Gabriel Rosado calls his pro career a “gift and a curse”

BN: Are you 100 per cent retired?

GR: I am currently doing a lot of commentating for DAZN, which I find very enjoyable. Working the fights and witnessing young talent emerging is quite fulfilling. There are moments when the urge to step back into the ring surfaces, especially as my body starts to recover and I find it easier to get out of bed in the morning. I still spar with guys at Wildcard gym and also in Puerto Rico, where I spend half of my time. Boxing has become a lifestyle for me. Bernard Hopkins once told me, “It’s a lifestyle, you can’t stop this,” and I couldn’t agree more. Once you start throwing or dodging punches, it becomes a part of who you are.

BN: You have described Bernard Hopkins as a mentor. How important has he been to you?

GR: Bernard Hopkins has been a significant influence in my life, not just in boxing but also in managing life in general. From the moment I met him at 18 and became his sparring partner, he took me under his wing. His advice on discipline and dedication has stuck with me throughout my career. Learning from his experience and mastering the basics of the sport has allowed me to control the pace of fights and make strategic decisions, even in high-pressure situations.

BN: What has life been like since retirement?

GR: Since retiring, I have been exploring new things, including entering into marriage and spending time with my daughters. I find joy in commentating, studying fighters, and imparting knowledge to young talents. I see a bit of Bernard Hopkins in myself when I mentor these young fighters, guiding them towards success without getting caught up in the fame and limelight of the sport.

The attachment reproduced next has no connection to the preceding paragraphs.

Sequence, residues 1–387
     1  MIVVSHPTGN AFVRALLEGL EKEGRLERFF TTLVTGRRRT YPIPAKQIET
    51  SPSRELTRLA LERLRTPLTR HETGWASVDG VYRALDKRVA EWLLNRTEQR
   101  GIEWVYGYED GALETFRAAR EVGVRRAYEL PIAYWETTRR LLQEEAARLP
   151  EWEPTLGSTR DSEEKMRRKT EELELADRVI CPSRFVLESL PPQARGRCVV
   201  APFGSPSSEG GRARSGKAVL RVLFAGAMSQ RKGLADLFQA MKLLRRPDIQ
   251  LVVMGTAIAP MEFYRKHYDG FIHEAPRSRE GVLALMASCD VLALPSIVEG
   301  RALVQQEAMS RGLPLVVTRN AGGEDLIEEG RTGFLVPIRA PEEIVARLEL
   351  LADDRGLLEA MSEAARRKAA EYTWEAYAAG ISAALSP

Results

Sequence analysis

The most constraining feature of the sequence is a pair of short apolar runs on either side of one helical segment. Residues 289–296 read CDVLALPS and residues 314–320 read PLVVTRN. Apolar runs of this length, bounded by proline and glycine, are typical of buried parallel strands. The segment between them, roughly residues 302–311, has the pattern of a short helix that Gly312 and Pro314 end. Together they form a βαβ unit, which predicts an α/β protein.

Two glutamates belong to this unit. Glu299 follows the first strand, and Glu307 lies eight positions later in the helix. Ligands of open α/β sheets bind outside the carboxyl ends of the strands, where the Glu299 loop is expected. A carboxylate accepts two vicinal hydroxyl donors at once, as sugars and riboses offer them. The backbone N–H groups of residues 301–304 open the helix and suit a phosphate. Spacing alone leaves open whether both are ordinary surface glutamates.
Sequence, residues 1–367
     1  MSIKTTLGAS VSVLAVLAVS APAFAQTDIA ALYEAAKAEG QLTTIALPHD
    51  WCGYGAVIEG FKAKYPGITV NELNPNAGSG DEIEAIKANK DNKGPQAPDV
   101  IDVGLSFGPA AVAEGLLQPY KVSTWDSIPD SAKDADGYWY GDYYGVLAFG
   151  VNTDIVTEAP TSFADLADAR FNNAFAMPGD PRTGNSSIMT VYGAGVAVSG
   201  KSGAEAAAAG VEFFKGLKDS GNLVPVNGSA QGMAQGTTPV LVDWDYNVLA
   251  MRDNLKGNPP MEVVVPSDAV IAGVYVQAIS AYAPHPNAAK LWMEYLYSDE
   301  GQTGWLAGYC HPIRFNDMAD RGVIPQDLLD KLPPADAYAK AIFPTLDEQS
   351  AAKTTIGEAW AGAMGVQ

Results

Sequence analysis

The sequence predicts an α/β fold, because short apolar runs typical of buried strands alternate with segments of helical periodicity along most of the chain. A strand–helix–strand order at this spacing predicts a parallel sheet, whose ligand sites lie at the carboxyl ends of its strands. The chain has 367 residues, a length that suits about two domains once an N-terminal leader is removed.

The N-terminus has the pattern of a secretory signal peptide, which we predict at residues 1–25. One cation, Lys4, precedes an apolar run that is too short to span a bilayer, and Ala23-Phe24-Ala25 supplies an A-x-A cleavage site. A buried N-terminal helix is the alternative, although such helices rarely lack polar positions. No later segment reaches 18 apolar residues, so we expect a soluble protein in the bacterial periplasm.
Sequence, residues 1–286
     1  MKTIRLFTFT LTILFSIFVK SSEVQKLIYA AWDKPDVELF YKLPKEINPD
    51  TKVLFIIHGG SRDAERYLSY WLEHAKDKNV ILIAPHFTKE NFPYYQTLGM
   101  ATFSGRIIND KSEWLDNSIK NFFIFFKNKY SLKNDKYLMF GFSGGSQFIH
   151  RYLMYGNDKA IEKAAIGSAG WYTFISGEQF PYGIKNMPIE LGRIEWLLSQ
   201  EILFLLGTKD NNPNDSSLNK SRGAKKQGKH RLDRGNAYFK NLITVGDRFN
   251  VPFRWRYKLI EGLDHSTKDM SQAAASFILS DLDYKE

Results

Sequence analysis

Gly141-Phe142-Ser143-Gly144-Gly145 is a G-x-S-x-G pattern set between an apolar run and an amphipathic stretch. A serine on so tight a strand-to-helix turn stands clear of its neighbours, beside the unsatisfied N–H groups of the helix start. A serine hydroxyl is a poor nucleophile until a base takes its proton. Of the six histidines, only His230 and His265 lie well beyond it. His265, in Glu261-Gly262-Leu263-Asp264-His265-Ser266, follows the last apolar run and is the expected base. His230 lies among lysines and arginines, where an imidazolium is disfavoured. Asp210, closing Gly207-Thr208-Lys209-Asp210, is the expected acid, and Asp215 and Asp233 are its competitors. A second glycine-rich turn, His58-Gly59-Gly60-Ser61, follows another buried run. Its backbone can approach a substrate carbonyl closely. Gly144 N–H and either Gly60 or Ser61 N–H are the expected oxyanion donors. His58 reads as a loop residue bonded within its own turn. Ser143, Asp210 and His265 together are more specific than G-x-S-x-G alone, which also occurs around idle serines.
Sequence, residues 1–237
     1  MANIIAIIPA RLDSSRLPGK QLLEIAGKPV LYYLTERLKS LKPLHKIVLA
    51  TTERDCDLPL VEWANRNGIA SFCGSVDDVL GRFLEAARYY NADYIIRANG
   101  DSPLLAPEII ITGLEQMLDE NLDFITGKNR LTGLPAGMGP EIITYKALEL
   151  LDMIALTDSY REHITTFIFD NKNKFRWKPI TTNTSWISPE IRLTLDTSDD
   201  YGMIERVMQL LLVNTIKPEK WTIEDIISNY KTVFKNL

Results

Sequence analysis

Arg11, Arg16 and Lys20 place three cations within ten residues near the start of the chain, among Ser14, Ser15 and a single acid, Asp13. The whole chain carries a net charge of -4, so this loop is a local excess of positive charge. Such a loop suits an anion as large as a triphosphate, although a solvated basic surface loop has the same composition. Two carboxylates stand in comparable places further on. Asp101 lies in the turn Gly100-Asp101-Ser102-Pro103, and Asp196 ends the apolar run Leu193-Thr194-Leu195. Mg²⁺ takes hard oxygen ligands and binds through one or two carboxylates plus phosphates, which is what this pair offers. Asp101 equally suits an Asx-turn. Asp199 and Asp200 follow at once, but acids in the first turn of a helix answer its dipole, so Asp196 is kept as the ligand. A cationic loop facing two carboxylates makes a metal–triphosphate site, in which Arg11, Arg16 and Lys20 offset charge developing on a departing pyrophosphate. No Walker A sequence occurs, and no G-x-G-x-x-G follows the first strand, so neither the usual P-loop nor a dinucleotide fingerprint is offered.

BN: You made your debut in Philadelphia the day before your 20th birthday. What are your memories of that time?

GR: I remember the excitement and adrenaline of that moment. I fought against a larger opponent and managed to knock him out in the first round, to the delight of the crowd. It was a memorable start to my career.

BN: How do you sum up your career and look back on it?

GR: Reflecting on my career, I see it as a reflection of how I approach life. Coming from a challenging neighborhood, boxing provided me with an opportunity to fight my way out of adversity. I’ve always been the underdog, overcoming odds and defeating renowned opponents. It’s been a journey of self-belief, hard work, and perseverance.

BN: What do you think would have happened to you had you not found boxing?

GR: Without boxing, I believe I would have followed a destructive path influenced by the violent environment I grew up in. Boxing saved me from the streets, provided me with focus, and gave me a purpose to strive for something better.

BN: What would you say was the career highlight for you?

GR: Two moments stand out for me – defeating Charles Whittaker and achieving the number one ranking at 154, and resetting my career under Freddie Roach’s guidance, leading to high-profile fights and unforgettable experiences in the ring.

BN: When you look at your own career you fought…

GR: (List of fighters)

BN: You must feel enormous self-respect that you fought so many times against these fighters.

GR: Fighting tough opponents has defined my career and made me a fan favorite. It has been both a gift and a challenge, shaping me into the fighter I am today.

BN: So, that would be one of your regrets.

GR: While I have learned from certain decisions in my career, I do not hold any regrets. Each challenge has contributed to my growth as a fighter and as a person.

BN: What does the future hold for you?

GR: Currently, I am enjoying commentating and staying involved in the boxing world. I may consider becoming a trainer in the future, but for now, I am focused on honing my skills in commentating and staying connected to the sport that has been a significant part of my life.

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